original article on prudentialridelondon.co.uk
Some of the most decorated and celebrated Olympians in British history will be riding alongside thousands of others in the two 2017 Prudential RideLondon-Surrey sportives on Sunday 30 July.
A total of 16 Olympic medals, including 12 golds, are in the possession of a select band of riders taking on either the Prudential RideLondon-Surrey 100 or the 46, both of which – appropriately for them – start in Queen Elizabeth Olympic Park in Stratford before finishing on The Mall.
Sir Chris Hoy is the proud owner of seven of those medals – six of which are gold – won over four Olympic Games, starting at Sydney in 2000 and finishing in London in 2012.
The Scottish sprint cycling legend has won more gold medals than anyone else in British Olympic history.
Hoy said: “I’m really excited to be joining thousands of other riders to tackle the Prudential RideLondon-Surrey 46. I have seen how much the Prudential RideLondon weekend has grown year on year and I am thrilled to be taking part on the event’s fifth anniversary.
“The 46 is a great idea and a fantastic way to introduce new and younger riders to mass-participation cycling and I’m looking forward to be able to give a few tips of my own to the riders alongside me.”
Hoy will be riding the Prudential RideLondon-Surrey 46 where he will be joined by another great British Olympian, the boxer Nicola Adams.
The popular Yorkshire fighter became the first woman to win an Olympic boxing title when she won gold at the London 2012 Olympic Games and followed that up with another gold in Rio last summer.
Adams, 34, has now turned professional and has won her first two professional bouts.
The other Olympians are taking on the longer Prudential RideLondon-Surrey 100 and all but one of them are rowers.
Double Olympic gold medallist Heather Stanning is arguably the best known of those switching from boat to bike.
Stanning is one of the most decorated female rowers of all time and is famed for her golden partnership with Helen Glover. The pair won two Olympic gold medals, at London 2012 and Rio 2016, as well as two world titles, two European titles and four World Cups.
She retired from rowing after Rio 2016 but continues to take on challenges. She ran the Virgin Money London Marathon in April and is now taking on the Prudential RideLondon-Surrey 100 for the first time.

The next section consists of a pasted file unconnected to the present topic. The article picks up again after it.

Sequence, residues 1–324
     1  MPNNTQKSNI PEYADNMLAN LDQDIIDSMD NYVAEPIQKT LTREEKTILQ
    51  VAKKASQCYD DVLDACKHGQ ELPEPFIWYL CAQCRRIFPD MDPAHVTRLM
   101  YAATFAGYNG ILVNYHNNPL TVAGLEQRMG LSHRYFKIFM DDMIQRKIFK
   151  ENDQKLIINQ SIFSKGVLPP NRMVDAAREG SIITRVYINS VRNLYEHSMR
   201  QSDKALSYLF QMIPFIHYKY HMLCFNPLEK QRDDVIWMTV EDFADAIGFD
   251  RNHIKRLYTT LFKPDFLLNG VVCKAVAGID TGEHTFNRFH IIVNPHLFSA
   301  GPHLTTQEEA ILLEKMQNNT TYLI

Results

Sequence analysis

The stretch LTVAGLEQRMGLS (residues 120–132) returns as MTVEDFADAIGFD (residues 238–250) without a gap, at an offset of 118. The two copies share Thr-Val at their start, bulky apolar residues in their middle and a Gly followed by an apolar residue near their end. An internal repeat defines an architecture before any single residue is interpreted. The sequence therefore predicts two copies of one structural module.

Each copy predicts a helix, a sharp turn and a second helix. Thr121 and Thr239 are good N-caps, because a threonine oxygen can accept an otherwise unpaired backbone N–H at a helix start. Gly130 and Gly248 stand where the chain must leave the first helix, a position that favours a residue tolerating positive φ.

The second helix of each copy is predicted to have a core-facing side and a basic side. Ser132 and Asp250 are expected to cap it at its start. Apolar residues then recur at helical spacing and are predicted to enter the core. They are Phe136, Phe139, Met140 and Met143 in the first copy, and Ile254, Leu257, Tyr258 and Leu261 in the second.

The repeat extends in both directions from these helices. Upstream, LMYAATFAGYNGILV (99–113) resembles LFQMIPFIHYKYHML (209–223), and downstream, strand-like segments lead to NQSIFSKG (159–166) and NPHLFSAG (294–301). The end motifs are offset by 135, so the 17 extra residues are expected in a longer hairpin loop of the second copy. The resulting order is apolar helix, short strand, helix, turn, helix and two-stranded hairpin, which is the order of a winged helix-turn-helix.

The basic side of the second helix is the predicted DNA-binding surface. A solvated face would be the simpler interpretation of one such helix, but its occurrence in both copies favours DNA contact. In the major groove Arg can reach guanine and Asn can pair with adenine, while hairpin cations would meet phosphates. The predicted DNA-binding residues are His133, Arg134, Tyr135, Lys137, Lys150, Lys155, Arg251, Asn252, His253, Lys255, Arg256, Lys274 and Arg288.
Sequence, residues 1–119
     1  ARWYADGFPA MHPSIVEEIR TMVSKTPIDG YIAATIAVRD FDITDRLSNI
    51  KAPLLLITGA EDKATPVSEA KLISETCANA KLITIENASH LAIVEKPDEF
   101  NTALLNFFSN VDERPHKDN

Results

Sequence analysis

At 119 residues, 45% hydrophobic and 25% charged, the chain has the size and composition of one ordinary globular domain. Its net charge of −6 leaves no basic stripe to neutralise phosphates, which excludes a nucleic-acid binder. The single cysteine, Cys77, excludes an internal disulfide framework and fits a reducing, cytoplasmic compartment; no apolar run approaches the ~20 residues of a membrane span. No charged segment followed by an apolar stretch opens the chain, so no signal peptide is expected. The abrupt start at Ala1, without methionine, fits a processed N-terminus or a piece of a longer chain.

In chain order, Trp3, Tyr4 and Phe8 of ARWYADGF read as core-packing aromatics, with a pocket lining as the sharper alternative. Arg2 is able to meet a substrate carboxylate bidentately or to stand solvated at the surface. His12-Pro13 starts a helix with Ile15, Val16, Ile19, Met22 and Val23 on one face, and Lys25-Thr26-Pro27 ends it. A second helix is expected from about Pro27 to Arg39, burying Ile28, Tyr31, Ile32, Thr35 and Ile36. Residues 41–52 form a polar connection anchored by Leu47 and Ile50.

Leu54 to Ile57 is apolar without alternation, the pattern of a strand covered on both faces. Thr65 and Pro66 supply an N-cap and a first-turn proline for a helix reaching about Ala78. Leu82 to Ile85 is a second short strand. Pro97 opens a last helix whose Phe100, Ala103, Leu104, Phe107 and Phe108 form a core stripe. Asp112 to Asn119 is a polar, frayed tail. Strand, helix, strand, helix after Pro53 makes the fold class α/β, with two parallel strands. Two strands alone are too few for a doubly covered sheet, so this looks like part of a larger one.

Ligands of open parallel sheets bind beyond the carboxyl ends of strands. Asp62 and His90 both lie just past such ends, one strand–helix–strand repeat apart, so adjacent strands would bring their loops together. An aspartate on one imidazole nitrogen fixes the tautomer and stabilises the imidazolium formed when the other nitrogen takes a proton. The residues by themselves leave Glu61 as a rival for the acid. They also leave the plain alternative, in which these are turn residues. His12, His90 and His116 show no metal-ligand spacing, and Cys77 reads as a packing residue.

Mark Hunter returns to the Prudential RideLondon-Surrey 100 for a second time. Hunter won a gold medal in the lightweight double sculls with Zac Purchase at the 2008 Beijing Olympics and the pair came so close to repeating the feat at London 2012, only to be pipped on the line and having to settle for silver.
Matt Gotrel, who was part of the gold medal-winning men’s eight team at the Rio Olympic Games, and Jessica Eddie and Olivia Carnegie-Brown, both members of the silver medal-winning women’s eight crew are also riding.
Derek Redmond may not have won any Olympic medals but he is, nevertheless, one of Britain’s most famous Olympians.
Redmond tore his hamstring in the semi-final of the 400m at the Barcelona Olympics in 1992 and was famously helped across the line in tears by his father Jim. This moment has become one of the most iconic images in Olympic history across the world.
Away from Olympians, there are a handful of other notable sportsmen getting on their bikes.
Martin Johnson, England’s World Cup-winning rugby union captain who went on to coach the national team, is riding his fourth Prudential RideLondon-Surrey 100 while another rugby union star, Colin Charvis, is taking on his third 100 as is ex-England cricket captain Allan Lamb.
From the world of entertainment, R&B singer Lemar comes back to Prudential RideLondon-Surrey 100 for the second year and he will be joined by Josh Cuthbert, another singer who made his name on a reality TV music show. Cuthbert is a member of the boy band Union J who shot to fame thanks to their appearance on X Factor.
TV news personalities Matt Barbet and Mike Bushell plus soprano Laura Wright will also be taking on the Prudential RideLondon-Surrey 100.